reply to: https://www.reddit.com/r/Zettelkasten/comments/wjigq6/how_do_you_increase_your_permanent_note_output

      In addition to all the other good advice from others, it might be worth taking a look at others' production and output from a historical perspective. Luhmann working at his project full time managed to average about 6 cards a day.1 Roland Barthes who had a similar practice for 37 years averaged about 1.3 cards a day.2 Tiago Forte has self-reported that he makes two notes a day, though obviously his isn't the same sort of practice nor has he done it consistently for as long.3 As you request, it would be useful to have some better data about the output of people with long term, consistent use.

      Given even these few, but reasonably solid, data points at just 90 minutes a day, one might think you're maybe too "productive"! I suspect that unless one is an academic working at something consistently nearly full time, most are more likely to be in the 1-3 notes a day average output at best. On a per hour basis Luhmann was close to 0.75 cards while you're at 0.53 cards. Knowing this, perhaps the best advice is to slow down a bit and focus on quality over quantity. This combined with continued consistency will probably serve your enterprise much better in the long run than in focusing on card per hour or card per day productivity.

      Internal idea generation/creation productivity will naturally compound over time as your collection grows and you continue to work with it. This may be a better sort of productivity to focus on in the long term compared with short term raw inputs.

      Another useful tidbit that some neglect is the level of quality and diversity of the reading (or other) inputs you're using. The better the journal articles and books you're reading, the more value and insight you're likely to find and generate more quickly over time.

    1. Luhmann’s slip-box contains about 90,000 notes, which sounds like an incrediblylarge number. But it only means that he wrote six notes a day fromthe day he started to work with his slip-box until he died.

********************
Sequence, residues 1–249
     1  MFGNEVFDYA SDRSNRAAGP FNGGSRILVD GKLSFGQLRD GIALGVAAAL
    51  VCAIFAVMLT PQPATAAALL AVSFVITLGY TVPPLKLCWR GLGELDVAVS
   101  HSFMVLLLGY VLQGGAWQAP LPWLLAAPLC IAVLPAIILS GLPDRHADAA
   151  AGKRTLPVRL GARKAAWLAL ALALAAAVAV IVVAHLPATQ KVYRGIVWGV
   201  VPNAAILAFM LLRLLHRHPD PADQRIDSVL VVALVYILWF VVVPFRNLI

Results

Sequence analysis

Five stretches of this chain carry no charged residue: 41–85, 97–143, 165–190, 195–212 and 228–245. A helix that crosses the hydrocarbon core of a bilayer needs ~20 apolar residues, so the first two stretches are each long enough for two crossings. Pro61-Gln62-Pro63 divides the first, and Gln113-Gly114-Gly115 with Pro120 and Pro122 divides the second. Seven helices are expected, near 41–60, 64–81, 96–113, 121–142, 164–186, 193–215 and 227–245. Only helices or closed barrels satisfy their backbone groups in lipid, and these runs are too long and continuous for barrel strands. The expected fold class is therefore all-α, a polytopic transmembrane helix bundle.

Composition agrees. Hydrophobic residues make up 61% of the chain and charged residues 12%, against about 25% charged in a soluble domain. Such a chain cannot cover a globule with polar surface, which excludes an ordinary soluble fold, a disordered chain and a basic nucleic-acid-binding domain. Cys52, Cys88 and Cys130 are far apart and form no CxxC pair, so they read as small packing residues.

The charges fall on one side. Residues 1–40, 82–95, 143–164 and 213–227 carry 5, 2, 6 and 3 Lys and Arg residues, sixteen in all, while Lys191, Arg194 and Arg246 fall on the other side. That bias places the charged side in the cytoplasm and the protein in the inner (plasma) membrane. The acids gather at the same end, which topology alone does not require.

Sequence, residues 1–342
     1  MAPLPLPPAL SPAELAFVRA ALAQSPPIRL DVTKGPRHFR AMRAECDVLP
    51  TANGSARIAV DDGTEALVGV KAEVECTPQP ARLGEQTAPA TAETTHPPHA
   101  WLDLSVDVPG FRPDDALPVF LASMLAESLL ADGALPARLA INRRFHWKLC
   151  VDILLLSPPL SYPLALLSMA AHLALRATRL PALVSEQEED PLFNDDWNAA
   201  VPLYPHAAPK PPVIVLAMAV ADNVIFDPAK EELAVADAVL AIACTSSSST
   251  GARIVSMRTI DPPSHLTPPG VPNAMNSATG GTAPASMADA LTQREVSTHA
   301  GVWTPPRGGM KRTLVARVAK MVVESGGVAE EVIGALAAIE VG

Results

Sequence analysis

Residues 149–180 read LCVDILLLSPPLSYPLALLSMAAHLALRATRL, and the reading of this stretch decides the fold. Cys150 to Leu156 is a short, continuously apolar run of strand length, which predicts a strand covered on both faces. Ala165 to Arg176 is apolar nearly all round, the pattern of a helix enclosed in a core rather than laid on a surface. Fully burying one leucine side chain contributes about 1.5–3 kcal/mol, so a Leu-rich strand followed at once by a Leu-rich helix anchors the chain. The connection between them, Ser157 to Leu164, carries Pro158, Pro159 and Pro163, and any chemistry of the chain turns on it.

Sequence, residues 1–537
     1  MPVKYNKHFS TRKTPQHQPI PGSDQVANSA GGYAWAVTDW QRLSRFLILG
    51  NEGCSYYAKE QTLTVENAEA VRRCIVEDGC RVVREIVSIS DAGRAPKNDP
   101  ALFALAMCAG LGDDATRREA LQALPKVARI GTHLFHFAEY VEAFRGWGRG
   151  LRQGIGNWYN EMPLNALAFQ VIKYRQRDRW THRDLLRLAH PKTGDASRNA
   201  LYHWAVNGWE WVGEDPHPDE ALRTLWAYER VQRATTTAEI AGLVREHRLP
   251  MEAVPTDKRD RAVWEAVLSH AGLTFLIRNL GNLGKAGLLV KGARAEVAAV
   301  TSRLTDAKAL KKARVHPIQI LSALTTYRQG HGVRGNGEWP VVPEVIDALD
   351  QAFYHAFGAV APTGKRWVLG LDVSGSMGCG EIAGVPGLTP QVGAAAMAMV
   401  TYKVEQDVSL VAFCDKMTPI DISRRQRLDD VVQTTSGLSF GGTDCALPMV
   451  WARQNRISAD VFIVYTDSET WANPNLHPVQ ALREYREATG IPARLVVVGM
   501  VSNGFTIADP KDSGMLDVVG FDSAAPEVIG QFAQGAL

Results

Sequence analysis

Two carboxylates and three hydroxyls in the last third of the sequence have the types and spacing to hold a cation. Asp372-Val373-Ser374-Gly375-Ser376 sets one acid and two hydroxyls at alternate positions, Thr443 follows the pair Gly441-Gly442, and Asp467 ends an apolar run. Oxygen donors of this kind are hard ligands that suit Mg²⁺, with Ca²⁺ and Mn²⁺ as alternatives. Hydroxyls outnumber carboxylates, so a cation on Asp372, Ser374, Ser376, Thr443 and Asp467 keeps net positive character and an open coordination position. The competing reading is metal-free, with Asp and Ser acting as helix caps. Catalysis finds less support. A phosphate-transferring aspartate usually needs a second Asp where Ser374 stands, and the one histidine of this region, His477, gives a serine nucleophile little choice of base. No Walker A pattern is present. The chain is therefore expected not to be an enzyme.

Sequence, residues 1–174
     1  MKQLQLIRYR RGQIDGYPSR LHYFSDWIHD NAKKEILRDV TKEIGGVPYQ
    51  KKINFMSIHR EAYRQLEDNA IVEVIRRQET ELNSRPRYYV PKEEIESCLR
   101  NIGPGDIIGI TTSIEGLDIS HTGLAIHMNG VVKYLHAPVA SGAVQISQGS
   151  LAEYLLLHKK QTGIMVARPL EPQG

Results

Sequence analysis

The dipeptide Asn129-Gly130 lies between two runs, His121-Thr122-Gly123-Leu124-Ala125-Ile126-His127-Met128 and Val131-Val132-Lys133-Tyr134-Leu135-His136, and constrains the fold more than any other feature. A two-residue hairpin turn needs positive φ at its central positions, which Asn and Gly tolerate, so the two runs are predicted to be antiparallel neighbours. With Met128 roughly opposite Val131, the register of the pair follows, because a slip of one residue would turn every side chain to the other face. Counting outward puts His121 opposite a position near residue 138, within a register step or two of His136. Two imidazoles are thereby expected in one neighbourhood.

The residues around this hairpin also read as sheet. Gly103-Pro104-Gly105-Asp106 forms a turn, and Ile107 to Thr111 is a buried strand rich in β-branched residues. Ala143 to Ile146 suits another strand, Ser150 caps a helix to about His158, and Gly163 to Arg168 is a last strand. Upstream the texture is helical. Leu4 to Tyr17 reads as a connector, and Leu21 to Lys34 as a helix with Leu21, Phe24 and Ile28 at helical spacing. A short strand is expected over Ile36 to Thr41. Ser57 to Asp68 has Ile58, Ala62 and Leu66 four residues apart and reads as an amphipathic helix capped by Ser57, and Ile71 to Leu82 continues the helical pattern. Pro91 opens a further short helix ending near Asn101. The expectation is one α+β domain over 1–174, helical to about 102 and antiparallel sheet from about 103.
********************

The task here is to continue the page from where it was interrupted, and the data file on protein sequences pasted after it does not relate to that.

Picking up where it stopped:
Should check the dates of start and finish and do the direct math myself, but ostensibly Luhmann averaged six notes a day for the duration of keeping his zettelkasten.

    1. I also mentioned Zettelkasten many times in this post, but I don’t do that anymore—I just did a 1-month dry run and it felt tiring. Pen and paper just gives me the bare essentials. I can get straight to work and not worry if something is a literature note or a permanent note.

      What is it that was tiring about the practice? Did they do it properly, or was the focus placed on tremendous output driving the feeling of a need for commensurate tremendous input on a daily basis? Most lifetime productive users only made a few cards a day, but I get the feeling that many who start, think they should be creating 20 cards a day and that is definitely a road to burn out. This feeling is compounded by digital tools that make it easier to quickly capture ideas by quoting or cut and pasting, but which don't really facilitate the ownership of ideas (internalization) by the note taker. The work of writing helps to facilitate this. Apparently the framing of literature note vs. permanent note also was a hurdle in the collection of ideas moving toward the filtering down and refining of one's ideas. These naming ideas seem to be a general hurdle for many people, particularly if they're working without particular goals in mind.

      Only practicing zettelkasten for a month is certainly no way to build real insight or to truly begin developing anything useful. Even at two cards a day and a minimum of 500-1000 total cards to see some serendipity and creativity emerge, one would need to be practicing for just over a year to begin seeing interesting results.

  3. Jul 2022
    1. Over the course of his intellectual life, from about 1943 until hissudden death in 1980, Barthes built a card index consisting of morethan 12,250 note cards – the full extent of this collection was notknown until access to it was granted to the manuscript researchers ofthe Institut Mémoires de l’édition contemporaine (IMEC) inFrance (Krapp, 2006: 363).3